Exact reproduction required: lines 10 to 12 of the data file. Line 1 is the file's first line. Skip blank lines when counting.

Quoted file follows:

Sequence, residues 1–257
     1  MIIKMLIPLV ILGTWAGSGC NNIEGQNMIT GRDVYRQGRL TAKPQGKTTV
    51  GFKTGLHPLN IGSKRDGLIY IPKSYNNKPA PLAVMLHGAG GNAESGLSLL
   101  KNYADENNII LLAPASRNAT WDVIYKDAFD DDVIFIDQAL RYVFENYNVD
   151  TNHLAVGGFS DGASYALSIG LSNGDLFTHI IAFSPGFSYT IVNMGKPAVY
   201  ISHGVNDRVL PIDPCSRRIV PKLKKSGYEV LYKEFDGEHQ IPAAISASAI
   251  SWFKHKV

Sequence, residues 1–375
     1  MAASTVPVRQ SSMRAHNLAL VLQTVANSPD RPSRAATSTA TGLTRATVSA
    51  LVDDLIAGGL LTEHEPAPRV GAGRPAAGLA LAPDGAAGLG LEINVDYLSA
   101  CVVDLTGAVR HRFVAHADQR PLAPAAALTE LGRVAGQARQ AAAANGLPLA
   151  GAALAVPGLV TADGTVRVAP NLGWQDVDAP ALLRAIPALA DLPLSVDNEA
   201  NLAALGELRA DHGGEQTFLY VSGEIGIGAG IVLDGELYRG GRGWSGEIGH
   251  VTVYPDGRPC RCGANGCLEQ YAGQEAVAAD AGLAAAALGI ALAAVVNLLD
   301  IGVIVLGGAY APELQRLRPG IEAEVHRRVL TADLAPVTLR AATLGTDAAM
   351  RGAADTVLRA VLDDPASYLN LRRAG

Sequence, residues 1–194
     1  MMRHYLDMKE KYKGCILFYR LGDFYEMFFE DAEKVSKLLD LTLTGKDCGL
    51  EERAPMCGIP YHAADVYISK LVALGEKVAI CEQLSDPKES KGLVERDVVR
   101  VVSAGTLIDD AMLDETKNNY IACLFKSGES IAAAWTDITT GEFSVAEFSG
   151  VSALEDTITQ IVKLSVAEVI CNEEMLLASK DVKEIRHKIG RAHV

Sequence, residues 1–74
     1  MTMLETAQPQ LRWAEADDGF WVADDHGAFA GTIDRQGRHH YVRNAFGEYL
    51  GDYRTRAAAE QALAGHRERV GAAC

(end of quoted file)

    51  LVDDLIAGGL LTEHEPAPRV GAGRPAAGLA LAPDGAAGLG LEINVDYLSA
   101  CVVDLTGAVR HRFVAHADQR PLAPAAALTE LGRVAGQARQ AAAANGLPLA
   151  GAALAVPGLV TADGTVRVAP NLGWQDVDAP ALLRAIPALA DLPLSVDNEA